On April 22, millions of people from around the world joined together to celebrate Earth Day - an annual event that seeks to "diversify, educate and activate the environmental movement."

But this weekend on Earth Day, President Trump relayed a very different message. Instead of paying homage to environmentalism, Trump used the occasion to applaud his own efforts to roll back key environmental regulations.

"We know that it is impossible for humans to flourish without clean air, land, and water," the President's statement reads.

"We also know that a strong, market-driven economy is essential to protecting these resources. For this reason, my Administration is dedicated to removing unnecessary and harmful regulations that restrain economic growth and make it more difficult for local communities to prosper and to choose the best solutions for their environment."

The assertion reveals just how little President Trump knows understands the history of Earth Day.

(George Bennet/Twitter)George Bennet/Twitter

The very first Earth Day took place on April 22 way back in 1970, and the event was widely credited with launching the modern environmental movement.

After the inaugural event, the "passage of the landmark Clean Air Act, Clean Water Act, Endangered Species Act and many other groundbreaking environmental laws soon followed."

Funnily enough - these are the exact "unnecessary and harmful regulations" that President Trump was referring to in his Earth Day statement.

In January, for instance, the Trump administration announced plans to undo a key policy under the Clean Air Act. This particular policy, which has been around for 20-some years, maintains strict standards for major sources of air pollution.

Environmentalists responded immediately.

"This is among the most dangerous actions that the Trump Environmental Protection Agency (EPA) has taken yet against public health," said John Walke, the director for clean air issues at the Natural Resources Defense Council.

"Rolling back longstanding protections to allow the greatest increase in hazardous air pollutants in our nation's history is unconscionable."

Just a month later, the Trump administration announced it would also be suspending the Clean Water Act for two years.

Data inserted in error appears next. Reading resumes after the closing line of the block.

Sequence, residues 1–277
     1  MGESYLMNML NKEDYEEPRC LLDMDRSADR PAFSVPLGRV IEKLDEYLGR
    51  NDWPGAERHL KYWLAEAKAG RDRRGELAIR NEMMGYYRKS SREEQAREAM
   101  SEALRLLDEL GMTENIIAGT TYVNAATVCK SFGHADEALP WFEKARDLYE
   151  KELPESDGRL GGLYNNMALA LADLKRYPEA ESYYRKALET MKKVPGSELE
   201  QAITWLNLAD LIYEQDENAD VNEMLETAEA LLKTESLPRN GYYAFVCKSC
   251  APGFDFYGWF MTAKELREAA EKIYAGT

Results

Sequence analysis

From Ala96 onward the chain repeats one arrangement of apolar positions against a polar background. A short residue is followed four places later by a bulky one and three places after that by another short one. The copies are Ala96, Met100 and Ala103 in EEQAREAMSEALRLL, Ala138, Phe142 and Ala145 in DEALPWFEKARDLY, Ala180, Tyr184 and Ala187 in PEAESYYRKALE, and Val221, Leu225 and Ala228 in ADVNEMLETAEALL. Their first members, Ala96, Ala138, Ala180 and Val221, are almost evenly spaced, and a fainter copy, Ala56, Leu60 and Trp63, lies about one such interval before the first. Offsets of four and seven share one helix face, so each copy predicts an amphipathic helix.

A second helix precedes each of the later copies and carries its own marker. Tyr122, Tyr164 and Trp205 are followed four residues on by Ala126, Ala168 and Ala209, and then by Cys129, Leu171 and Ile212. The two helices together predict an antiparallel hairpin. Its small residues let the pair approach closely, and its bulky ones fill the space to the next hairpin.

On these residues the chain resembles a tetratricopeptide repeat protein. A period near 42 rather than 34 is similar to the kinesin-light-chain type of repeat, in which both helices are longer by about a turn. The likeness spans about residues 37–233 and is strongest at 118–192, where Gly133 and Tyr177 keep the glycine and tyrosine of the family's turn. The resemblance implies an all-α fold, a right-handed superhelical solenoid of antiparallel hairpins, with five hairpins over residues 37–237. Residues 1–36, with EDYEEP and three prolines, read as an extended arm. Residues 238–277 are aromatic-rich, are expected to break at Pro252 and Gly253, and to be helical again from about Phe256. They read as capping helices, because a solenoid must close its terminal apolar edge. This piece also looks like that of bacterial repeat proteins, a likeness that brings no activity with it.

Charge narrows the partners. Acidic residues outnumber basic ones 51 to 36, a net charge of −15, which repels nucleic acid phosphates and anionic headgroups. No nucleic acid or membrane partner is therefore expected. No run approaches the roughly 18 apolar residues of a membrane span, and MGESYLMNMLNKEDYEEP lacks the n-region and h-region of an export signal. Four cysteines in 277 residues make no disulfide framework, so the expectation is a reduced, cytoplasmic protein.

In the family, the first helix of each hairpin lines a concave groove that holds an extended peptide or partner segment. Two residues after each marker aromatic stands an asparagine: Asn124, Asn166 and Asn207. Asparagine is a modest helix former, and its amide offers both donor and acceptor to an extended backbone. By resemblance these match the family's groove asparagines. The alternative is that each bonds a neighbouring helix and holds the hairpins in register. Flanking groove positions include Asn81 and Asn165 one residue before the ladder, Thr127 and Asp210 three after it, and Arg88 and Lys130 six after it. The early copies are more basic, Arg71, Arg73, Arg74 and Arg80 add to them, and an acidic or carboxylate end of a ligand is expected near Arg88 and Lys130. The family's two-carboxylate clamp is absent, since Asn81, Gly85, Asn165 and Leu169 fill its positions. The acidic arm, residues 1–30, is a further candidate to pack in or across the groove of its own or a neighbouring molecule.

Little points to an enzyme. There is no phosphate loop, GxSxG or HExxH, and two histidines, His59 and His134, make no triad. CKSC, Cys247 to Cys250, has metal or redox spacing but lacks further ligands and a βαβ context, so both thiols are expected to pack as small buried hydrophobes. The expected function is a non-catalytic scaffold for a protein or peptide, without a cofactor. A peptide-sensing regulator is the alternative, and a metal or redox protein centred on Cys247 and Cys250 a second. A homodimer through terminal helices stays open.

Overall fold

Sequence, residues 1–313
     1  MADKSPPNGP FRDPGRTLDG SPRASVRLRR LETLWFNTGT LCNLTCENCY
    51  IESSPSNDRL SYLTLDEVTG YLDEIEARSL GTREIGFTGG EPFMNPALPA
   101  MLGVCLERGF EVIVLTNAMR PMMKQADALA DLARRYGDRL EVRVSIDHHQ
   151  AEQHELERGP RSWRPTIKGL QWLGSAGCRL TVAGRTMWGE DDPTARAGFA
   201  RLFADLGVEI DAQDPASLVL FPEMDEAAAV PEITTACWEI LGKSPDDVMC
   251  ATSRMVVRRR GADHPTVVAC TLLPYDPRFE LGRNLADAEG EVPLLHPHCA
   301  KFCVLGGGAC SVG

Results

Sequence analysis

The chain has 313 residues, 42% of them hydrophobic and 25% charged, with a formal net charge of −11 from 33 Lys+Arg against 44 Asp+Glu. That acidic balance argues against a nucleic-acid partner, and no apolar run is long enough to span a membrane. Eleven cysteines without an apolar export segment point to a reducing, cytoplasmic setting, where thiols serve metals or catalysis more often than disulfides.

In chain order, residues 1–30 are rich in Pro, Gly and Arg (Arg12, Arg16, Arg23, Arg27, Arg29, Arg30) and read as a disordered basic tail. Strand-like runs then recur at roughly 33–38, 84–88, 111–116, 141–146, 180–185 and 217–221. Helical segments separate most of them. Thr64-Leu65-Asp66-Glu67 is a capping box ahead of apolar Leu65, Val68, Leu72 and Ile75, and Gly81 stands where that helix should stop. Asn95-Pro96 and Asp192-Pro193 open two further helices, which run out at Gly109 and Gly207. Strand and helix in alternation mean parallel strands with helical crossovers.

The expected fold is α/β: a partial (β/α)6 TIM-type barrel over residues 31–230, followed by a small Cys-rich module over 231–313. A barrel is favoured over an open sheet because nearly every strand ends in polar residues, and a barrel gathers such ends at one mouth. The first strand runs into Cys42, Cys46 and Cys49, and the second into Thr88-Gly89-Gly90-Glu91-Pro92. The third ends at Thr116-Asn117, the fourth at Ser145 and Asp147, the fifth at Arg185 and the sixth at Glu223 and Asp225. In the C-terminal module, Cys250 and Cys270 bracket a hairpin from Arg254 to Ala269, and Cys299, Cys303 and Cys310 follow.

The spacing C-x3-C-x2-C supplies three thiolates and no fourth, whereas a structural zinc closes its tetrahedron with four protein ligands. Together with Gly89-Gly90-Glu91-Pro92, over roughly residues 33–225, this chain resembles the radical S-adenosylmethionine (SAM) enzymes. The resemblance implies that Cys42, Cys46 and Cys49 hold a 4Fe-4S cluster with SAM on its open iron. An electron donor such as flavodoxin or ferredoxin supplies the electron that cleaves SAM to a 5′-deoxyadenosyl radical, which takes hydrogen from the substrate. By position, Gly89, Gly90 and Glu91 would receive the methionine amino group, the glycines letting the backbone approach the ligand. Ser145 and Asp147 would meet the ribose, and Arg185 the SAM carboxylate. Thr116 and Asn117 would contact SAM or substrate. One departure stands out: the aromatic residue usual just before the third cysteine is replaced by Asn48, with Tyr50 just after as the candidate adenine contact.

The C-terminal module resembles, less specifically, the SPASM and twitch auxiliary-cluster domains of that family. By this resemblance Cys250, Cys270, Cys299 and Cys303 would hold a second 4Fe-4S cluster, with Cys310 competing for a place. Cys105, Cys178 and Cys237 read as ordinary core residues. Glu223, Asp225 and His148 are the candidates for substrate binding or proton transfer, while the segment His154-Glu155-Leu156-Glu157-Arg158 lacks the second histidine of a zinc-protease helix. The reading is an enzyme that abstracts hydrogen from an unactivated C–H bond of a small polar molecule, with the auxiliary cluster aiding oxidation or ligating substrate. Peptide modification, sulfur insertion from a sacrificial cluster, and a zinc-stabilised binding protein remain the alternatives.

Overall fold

"Communities across our country can't just 'suspend' their need for clean water anymore than they can suspend their need for the sun to come up, which makes this ridiculous giveaway to polluters all the more galling," said Dalal Aboulhosn, Deputy Legislative Director for Land and Water for the Sierra Club.

When it comes to the US Endangered Species Act (ESA), things aren't much better.

The GOP bills currently proposed in Congress would allow the Fish and Wildlife service to deny animal protections based on economic considerations – even if the scientific findings are in direct opposition – and they would limit the enforcement of ESA protections across the US.

Right now, there are more than 500 species in the US that are waiting to receive protections. But if President Trump gets his way, the Endangered Species Conservation Fund, which allocates funding for species and habitat conservation, will run dry in 2019.

The Center for Biological Diversity has called the Trump administration's 2019 budget proposal a "death sentence for Endangered species."

By no means has the Trump administration just stuck to these three environmental policies.

Since taking office, the Trump administration has withdrawn from the Paris agreement, proposed expanding offshore drillingsuggested gutting the nation's fuel efficiency standardsslashed the size of several national parks and monuments, and started the process to roll back several Obama-era environmental regulations.

In other words, Trump has tried to undo pretty much all of the work that the Earth Day movement has spurred on since its creation in 1970.

The hypocrisy was not lost on those who frequent Twitter.

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